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Certified Audubon Cooperative Sanctuary
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In January 2009, Cranberry Highlands Golf Course received certification in Environmental Planning from the Audubon Cooperative Sanctuary Program for Golf Courses, an international program administered by Audubon International and designed to help golf course owners to enhance the environmental quality of their property. Certified Audubon Cooperative Sanctuary

That recognition validated six years of work at Cranberry Highlands led by Golf Course Superintendent David Barber. The Audubon program offered advice which helped guide Barber in developing an effective conservation and wildlife enhancement program. 


That program encompassed the entire golf course. Projects included placing nesting boxes for certain bird species, environmentally sensitive pest-management techniques, water quality management and conservation, maintaining food and protective cover for wildlife, reducing the use of chemicals, educational outreach, and more. 

As a result of that work, Cranberry Highlands maintains a balanced environment in which golfers and wildlife live and play in harmony.  Insect control, for example, is accomplished by providing homes to birds for whom insects are a diet staple. A growing variety of owls, butterflies, bats, hawks, deer, amphibians, fish and small animals now live in a natural ecosystem where wildlife thrives and golfers flourish.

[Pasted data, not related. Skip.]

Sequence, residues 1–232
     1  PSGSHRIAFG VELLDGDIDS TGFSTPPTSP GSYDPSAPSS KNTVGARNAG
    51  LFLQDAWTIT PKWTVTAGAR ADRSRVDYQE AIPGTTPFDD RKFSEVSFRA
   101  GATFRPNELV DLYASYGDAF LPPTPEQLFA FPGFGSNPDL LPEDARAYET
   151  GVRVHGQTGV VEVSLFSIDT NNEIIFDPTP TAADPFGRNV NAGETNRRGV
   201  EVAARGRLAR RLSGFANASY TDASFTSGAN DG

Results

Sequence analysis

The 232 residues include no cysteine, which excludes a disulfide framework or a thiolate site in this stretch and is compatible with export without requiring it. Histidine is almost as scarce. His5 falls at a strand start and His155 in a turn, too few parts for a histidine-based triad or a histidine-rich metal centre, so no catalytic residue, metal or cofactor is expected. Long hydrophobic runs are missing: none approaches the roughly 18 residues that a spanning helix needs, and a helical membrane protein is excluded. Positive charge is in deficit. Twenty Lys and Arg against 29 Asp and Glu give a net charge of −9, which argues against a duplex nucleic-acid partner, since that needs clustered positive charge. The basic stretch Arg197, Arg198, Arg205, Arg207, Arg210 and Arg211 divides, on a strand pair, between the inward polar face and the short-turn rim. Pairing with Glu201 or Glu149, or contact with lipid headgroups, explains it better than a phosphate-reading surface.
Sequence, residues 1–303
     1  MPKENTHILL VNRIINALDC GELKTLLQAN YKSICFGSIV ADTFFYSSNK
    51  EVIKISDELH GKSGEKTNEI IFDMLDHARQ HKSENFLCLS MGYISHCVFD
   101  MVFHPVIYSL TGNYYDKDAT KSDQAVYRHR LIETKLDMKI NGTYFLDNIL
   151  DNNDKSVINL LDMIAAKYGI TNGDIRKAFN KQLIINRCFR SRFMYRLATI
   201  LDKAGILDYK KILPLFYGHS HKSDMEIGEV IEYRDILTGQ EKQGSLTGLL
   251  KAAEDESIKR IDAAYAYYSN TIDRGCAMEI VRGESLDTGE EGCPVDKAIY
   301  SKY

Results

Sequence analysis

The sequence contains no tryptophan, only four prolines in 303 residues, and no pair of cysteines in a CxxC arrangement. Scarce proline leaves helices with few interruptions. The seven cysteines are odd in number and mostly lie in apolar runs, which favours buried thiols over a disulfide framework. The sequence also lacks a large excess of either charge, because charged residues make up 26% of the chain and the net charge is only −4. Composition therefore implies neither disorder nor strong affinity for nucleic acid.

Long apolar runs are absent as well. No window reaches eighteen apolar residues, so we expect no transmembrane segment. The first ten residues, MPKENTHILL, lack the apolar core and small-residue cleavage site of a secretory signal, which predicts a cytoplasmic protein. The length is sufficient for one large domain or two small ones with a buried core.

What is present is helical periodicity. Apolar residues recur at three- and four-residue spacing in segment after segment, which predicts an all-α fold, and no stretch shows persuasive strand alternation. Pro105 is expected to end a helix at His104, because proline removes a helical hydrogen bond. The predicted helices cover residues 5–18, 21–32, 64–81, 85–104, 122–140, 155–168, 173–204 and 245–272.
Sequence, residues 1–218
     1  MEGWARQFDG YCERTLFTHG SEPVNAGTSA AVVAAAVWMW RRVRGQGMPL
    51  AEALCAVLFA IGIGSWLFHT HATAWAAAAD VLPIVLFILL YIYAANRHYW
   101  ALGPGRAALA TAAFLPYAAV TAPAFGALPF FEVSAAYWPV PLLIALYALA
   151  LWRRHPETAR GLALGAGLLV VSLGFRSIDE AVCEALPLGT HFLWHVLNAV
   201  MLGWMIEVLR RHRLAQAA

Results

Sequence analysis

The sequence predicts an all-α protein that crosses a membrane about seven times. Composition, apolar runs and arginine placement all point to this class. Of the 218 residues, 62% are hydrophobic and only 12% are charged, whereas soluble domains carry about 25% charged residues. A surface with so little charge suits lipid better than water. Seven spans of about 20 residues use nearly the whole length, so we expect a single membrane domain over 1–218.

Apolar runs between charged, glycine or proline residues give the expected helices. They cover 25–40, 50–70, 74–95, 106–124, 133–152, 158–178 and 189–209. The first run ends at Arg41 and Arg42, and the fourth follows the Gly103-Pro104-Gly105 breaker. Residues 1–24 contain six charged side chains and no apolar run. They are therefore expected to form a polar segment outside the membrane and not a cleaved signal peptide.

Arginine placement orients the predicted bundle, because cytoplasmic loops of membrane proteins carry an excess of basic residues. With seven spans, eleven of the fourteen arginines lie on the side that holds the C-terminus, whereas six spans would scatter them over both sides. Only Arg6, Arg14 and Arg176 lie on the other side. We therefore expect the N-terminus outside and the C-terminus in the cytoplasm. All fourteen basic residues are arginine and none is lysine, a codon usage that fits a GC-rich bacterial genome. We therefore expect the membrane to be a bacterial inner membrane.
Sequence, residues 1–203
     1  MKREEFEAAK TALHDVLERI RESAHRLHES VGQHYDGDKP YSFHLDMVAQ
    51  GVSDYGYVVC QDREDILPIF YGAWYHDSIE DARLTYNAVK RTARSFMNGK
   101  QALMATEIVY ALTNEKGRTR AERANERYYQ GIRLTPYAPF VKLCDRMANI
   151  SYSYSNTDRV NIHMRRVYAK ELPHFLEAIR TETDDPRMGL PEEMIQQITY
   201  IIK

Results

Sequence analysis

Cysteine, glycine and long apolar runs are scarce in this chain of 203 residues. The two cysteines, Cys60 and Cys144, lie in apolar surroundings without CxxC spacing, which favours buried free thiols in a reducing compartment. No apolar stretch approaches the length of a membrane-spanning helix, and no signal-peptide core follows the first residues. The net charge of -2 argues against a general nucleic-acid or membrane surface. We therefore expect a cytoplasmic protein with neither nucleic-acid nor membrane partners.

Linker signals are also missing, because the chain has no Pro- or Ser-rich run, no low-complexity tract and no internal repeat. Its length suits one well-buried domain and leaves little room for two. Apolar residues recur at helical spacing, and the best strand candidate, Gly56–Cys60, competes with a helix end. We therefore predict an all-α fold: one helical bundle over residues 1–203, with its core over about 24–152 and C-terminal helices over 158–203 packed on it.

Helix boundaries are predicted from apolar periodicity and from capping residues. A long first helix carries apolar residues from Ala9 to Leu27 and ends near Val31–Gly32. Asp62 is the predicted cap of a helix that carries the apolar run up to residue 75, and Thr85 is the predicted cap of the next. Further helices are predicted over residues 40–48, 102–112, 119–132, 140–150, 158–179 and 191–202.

Cranberry Highlands was featured in The Golf Course Trades- June 2011 edition for retaining its designation as a Certified Audubon Cooperative Sanctuary.  The Golf Course Trades- June 2011

Nature Trail at Cranberry Highlands

In the spring of 2009, a nature trail was constructed in a wooded area of Cranberry Highlands, between holes three and four. Guided tours are available upon request. Visit our Nature Trail page


Cranberry Highlands was created to celebrate the hilly wooded landscape that is the hallmark of Western Pennsylvania’s terrain.  Designed by W. R. Love Golf Course Architects of College Park, Maryland on a 332-acre site which includes an assortment of sensitive environmental features, the course was built to showcase the area’s four-season ecosystem and its rugged topography

Of the 332 acres in the Cranberry Highlands site, only 186 have been developed as a golf course. Much of the remaining space has been dedicated to natural preservation, enhancement and educational purposes. Community organizations including the Boy Scouts have been involved in the development of the Nature Trail.  We welcome the active involvement of other organizations which, share the Audubon’s philosophy of land conservation and stewardship. 

 Cranberry Highlands featured in Golfdom Magazine September 2010 National trade magazine profiles Cranberry Highlands' environmental stewardship and nature trail
Golfdom Magazine- September 2010